Usages by different kinds of End Users

Students as the End Users

A learning management system can provide instant feedback to a student. For example, a student can attempt practice tests by entering responses to the displayed questions. The system   immediately acknowledges the student with correct and the potential reasons for a wrong answer. The students also can get their grades immediately after finishing the given tasks like homework assignments or tests.

Educator as the End Users

Because the learning management system can easily grade true-or-false and multiple-choice questions, it reduces the time the professor needs for grading. LMS gives educator a provision to store important documents like course syllabus, so that students can go through the required   documents whenever they need.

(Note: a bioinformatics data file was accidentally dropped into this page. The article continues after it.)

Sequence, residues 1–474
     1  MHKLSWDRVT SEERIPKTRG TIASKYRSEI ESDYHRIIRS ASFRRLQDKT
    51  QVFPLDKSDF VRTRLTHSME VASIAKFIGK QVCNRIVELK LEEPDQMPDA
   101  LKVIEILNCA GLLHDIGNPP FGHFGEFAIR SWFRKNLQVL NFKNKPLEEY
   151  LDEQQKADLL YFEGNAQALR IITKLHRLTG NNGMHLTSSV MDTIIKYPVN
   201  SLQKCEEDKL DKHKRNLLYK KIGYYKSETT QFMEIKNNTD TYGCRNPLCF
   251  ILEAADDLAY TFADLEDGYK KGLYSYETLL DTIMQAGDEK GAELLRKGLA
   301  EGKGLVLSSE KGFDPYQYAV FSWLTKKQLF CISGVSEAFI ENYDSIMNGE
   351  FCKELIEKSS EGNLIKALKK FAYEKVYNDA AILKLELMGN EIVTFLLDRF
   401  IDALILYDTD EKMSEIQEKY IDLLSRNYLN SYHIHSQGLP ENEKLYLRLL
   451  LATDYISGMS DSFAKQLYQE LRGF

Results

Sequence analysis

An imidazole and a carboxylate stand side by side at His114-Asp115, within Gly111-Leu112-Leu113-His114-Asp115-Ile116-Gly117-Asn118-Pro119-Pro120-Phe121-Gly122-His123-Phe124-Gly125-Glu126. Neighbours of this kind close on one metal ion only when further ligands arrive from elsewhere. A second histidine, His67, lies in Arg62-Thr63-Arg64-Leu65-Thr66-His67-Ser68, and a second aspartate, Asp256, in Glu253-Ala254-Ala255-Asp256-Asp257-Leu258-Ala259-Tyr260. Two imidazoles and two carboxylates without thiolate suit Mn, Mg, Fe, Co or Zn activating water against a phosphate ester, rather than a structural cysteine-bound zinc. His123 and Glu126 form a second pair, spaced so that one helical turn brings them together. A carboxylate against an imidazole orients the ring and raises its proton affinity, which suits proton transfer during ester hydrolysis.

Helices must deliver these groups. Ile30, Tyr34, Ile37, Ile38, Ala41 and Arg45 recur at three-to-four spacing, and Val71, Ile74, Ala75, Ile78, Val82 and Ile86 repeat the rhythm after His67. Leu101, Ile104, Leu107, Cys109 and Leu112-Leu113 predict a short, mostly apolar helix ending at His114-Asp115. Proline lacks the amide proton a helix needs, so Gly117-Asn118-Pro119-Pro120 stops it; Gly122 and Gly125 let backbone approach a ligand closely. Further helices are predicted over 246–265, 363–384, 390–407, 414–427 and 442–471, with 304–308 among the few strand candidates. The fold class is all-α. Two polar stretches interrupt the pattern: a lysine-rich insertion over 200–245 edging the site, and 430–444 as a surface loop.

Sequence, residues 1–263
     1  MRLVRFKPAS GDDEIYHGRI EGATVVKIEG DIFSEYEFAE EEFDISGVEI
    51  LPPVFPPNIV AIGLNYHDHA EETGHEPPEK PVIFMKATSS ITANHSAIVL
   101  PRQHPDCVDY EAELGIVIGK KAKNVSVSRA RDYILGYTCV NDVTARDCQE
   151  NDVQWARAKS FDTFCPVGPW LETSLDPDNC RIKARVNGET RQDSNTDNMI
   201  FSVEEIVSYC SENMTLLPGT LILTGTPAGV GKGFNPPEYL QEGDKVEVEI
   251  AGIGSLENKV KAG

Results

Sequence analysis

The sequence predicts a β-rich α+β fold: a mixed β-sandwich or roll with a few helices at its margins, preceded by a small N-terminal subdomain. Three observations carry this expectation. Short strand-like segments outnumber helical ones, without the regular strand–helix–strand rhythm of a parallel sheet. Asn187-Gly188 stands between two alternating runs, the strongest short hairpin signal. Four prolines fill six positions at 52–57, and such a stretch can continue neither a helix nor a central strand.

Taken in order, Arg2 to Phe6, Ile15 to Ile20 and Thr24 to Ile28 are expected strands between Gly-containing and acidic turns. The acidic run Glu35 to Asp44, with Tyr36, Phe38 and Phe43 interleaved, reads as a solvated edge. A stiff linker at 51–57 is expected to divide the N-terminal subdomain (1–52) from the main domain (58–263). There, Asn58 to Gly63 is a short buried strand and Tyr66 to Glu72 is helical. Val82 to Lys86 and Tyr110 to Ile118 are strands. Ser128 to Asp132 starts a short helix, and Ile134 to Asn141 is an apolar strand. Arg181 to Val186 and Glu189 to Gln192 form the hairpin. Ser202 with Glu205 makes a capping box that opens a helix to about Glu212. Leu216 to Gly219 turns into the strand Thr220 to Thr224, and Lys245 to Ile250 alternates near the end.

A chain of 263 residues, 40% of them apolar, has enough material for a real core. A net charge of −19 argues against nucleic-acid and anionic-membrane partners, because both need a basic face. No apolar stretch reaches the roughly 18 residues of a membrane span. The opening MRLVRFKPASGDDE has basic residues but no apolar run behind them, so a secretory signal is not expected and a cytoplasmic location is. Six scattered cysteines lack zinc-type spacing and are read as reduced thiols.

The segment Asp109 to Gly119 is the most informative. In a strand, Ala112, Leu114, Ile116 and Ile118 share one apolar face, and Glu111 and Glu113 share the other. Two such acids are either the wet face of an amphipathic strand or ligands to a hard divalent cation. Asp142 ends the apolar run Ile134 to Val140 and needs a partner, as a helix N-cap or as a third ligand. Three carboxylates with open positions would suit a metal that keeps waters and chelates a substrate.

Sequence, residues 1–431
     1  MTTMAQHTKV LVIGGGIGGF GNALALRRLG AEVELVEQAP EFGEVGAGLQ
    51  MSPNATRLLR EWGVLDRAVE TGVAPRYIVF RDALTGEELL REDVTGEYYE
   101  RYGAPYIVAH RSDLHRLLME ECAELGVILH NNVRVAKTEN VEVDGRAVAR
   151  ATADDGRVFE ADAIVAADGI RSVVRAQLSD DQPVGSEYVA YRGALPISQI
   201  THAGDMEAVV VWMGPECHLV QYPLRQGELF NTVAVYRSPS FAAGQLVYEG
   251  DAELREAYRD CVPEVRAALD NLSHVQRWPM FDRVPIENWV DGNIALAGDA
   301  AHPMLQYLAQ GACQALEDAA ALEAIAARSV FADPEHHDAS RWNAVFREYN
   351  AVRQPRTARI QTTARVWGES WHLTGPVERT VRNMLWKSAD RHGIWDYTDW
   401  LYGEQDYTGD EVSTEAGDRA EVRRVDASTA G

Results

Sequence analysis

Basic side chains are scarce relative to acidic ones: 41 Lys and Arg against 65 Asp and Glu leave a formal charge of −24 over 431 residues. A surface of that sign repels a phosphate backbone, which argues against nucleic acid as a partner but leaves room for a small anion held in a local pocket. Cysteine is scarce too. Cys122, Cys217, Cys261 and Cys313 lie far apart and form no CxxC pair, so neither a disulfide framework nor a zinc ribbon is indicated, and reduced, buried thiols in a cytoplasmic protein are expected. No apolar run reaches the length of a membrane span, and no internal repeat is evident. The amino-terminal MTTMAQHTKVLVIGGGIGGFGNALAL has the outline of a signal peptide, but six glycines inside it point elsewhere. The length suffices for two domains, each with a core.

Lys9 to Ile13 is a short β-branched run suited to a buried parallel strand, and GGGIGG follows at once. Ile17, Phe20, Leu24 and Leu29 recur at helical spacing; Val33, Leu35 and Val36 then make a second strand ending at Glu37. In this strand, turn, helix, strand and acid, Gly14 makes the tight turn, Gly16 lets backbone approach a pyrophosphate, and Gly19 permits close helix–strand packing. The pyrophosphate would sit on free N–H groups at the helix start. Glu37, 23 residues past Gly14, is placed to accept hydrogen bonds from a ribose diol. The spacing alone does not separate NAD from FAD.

Academic Discussion

A learning management system restricts academic sharing. According to Edu clause, in many courses, only the current students can see the links to papers, discussions in course forums, and responses from the professor, unlike a web page the professor posts that the public can visit. The course closes at the end of the semester, so students can’t go back and refresh their knowledge.

These systems often provide easy ways for teachers to create and deliver their own content with concurrent participation monitoring and performance evaluation.

These systems provide students and teachers the ability to interact with video conferencing, interrelated discussions, and forums. LMS can track and report on events. Universities can teach various number of courses through LMS.